The rate of cancer rise is dramatic, doubling in the last 30 years. Furthermore, of the estimated 560,000 cancer victims who would die in 1997, most of them could have prevented their illness had they paid attention to some simple lifestyle factors.
Although the number of cancer deaths continues to rise each year in the U.S., the per capita cancer mortality rate has just recently started to decline. This celebrated small decline was first announced by the National Cancer Institute in late 1996, but a careful retrospective review of the data indicated that the per capita cancer death rate peaked in 1991 and has ever so slowly declined thereafter.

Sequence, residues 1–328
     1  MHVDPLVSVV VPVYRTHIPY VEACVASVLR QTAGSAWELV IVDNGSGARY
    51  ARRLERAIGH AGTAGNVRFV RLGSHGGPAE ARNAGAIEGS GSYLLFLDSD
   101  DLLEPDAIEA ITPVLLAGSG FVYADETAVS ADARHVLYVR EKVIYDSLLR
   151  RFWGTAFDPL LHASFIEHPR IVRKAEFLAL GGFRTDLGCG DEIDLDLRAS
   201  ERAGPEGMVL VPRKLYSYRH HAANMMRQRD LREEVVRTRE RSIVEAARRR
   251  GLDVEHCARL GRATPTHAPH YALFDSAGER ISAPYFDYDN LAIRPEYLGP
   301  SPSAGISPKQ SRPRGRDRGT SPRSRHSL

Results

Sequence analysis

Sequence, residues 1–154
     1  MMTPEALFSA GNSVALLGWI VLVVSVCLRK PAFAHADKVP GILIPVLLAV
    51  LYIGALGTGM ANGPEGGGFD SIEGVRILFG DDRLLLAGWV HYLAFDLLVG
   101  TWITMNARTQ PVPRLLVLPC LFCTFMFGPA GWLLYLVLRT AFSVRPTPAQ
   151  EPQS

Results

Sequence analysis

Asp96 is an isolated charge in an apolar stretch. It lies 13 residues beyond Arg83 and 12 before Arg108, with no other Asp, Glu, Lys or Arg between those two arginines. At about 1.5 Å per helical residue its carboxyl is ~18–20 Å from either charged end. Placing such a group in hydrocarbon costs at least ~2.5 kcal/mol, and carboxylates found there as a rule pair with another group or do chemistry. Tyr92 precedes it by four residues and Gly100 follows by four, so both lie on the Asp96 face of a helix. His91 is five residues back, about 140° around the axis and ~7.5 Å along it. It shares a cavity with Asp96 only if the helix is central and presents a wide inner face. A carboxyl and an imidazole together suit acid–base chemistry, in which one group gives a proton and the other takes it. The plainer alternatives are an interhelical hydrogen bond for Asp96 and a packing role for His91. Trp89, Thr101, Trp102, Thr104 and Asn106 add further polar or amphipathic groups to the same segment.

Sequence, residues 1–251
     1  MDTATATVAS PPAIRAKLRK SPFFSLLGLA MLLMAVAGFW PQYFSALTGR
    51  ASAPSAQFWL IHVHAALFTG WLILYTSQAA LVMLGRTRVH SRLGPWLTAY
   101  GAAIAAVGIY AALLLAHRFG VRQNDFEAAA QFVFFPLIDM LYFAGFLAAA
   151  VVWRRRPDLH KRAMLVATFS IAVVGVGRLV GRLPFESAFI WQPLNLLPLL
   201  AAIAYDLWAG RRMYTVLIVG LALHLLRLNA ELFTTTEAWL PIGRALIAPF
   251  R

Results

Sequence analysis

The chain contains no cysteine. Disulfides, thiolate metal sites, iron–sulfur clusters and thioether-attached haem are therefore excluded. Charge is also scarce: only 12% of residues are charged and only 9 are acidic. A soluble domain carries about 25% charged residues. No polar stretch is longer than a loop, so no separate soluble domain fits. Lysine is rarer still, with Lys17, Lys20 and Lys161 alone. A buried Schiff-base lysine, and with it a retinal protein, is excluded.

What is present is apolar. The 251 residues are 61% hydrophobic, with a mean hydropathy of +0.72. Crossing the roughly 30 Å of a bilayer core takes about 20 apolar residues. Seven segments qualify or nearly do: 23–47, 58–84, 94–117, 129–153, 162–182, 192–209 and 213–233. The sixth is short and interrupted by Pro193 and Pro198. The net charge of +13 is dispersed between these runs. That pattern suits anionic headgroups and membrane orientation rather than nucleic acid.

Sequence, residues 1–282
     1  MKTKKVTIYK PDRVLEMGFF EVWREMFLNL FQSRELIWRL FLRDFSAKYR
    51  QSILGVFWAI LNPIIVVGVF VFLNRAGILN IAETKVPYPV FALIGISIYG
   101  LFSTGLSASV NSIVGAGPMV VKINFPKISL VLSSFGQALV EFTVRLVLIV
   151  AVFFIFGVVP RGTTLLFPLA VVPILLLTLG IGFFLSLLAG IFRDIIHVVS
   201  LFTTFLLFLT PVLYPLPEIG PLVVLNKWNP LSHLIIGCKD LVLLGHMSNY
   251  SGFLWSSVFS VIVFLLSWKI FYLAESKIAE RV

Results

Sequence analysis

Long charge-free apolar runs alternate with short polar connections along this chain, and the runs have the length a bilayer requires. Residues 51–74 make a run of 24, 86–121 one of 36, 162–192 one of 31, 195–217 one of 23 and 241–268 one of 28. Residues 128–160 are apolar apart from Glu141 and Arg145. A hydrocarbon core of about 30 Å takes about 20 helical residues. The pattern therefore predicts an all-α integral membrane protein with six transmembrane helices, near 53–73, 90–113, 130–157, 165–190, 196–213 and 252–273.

What was the reason for this decline? Not improved cancer treatments, but cancer prevention itself emerges as the cause for this good news. A national commitment to the prevention of cancer, largely replacing reliance on hopes for universal cures.
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